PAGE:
Nasrallah Concludes 2020 by Eliminating Lebanon

The Question is How Long Can Hezbollah Maintain This Isolation and Takeover of Lebanon?

During his recent Al-Mayadeen TV interview, Hezbollah’s leader Hassan Nasrallah spoke for four hours in an attempt to address questions and concerns by the Lebanese people and Hezbollah’s constituency. However, instead of reassuring the listeners, he raised additional concerns and insinuated that Hezbollah’s’ main priorities are regional, not Lebanese, and that the Lebanese people will have to accept the fact that Lebanon is an Iranian territory that will be used to implement the Iranian regime’s regional agenda. 


While flexing Hezbollah’s strengths and powers, Nasrallah tried to hide the truth about Hezbollah’s main challenges and weaknesses. For example, he said that group has now doubled the number of precision-guided missiles since last year, and that Israel has failed to stop Hezbollah from acquiring them. But he failed to mention anything about the accuracy of these missiles. The thing about the precision missiles – supposedly to be used to hit specific targets in Israel – is that they need to have a range of at least ten meters. 

According to a BICOM study, Precision missiles are defined as those possessing low Circular Error probability (CEP). CEP is defined as the radius of a circle whose boundary is expected to include the landing points of 50 per cent of missiles fired. For example, if a given missile has a CEP of 10m – a range Iran has aimed for but has not achieved – half of those fired will fall within 10m of the intended target. The lower the CEP, the fewer the missiles required to destroy a target.

Many experts believe that the 10m CEP has not been achieved by Iran and Hezbollah; therefore, producing more of these missiles – without a precision capabilities – means nothing. And Hassan Nasrallah knows that, but he cannot admit failure on TV, so instead, he preferred to disguise the truth, hoping Hezbollah’s constituency would stop doubting the group’s strength. He also failed to mention that Israel have been accurately destroying Iran’s precision missiles facilities across the region _Syria, Iraq and Lebanon – for many years, and have successfully weakened this specific capability.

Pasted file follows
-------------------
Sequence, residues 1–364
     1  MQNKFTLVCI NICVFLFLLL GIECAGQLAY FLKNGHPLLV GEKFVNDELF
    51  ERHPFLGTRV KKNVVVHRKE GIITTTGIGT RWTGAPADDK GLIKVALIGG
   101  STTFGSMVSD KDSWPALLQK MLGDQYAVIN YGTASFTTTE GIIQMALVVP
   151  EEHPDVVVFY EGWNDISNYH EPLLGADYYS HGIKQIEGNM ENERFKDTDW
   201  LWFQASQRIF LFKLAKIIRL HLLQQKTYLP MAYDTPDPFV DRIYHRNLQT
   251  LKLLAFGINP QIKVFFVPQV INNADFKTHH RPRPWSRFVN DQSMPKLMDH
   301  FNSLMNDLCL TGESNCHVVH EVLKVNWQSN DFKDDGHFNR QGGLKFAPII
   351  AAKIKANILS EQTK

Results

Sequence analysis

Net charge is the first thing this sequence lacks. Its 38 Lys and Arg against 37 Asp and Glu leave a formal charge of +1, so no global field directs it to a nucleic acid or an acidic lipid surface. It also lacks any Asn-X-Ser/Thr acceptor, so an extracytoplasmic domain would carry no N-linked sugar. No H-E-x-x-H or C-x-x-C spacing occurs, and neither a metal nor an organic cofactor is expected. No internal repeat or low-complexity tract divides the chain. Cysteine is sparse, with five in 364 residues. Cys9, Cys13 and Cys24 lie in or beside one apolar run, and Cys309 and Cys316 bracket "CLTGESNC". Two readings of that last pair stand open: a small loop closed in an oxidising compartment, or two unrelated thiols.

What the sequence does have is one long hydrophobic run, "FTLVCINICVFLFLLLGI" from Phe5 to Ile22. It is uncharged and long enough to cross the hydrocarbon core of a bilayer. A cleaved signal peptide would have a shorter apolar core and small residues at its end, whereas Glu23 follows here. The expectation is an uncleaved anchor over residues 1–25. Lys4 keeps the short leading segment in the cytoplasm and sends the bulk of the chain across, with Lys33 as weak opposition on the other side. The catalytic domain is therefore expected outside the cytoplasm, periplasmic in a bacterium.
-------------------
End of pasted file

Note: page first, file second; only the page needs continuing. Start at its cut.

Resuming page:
On a different topic, Nasrallah repeated the group’s promises to avenge the US killing of Qassem Soleimani, former commander of the Iranian Revolutionary Guards Corps (IRGC), who was killed a year ago in Iraq in a drone attack. “That revenge is coming no matter how long it takes,” he told Al-Mayadeen TV, sitting with a picture of Soleimani to his left. 

This was also attempted to reassure Hezbollah’s supporters, who have been questioning Iran’s capabilities and willingness to avenge someone significant such as Soleimani. Not only Iran failed to retaliate properly, all Israeli attacks against its facilities in the region have been ignored. Hezbollah’s old ways of valor and force seem to have disappeared. 


During the four hour interview, Lebanon seemed small, and trapped between all the regional politics of Iran. Nasrallah spoke as the real ruler of Lebanon, and the one leader that connected and facilitated the coordination of Hezbollah in Lebanon and the rest of Iran’s Shia militias in Syria, Iraq and Yemen. Despite all the recent failures of Iran and Hezbollah in the region, he still pretended that victory is coming and that all the challenges Lebanon and the rest of countries Iran controls today are going through, are just temporary ones, and are not in any way linked to Iran’s policies and wars. Nasrallah – in the midst of that – positioned Lebanon in the midst of Iran’s wars, and indirectly asked the Lebanese people to suffer and starve in order to protect Iran’s agenda in the region.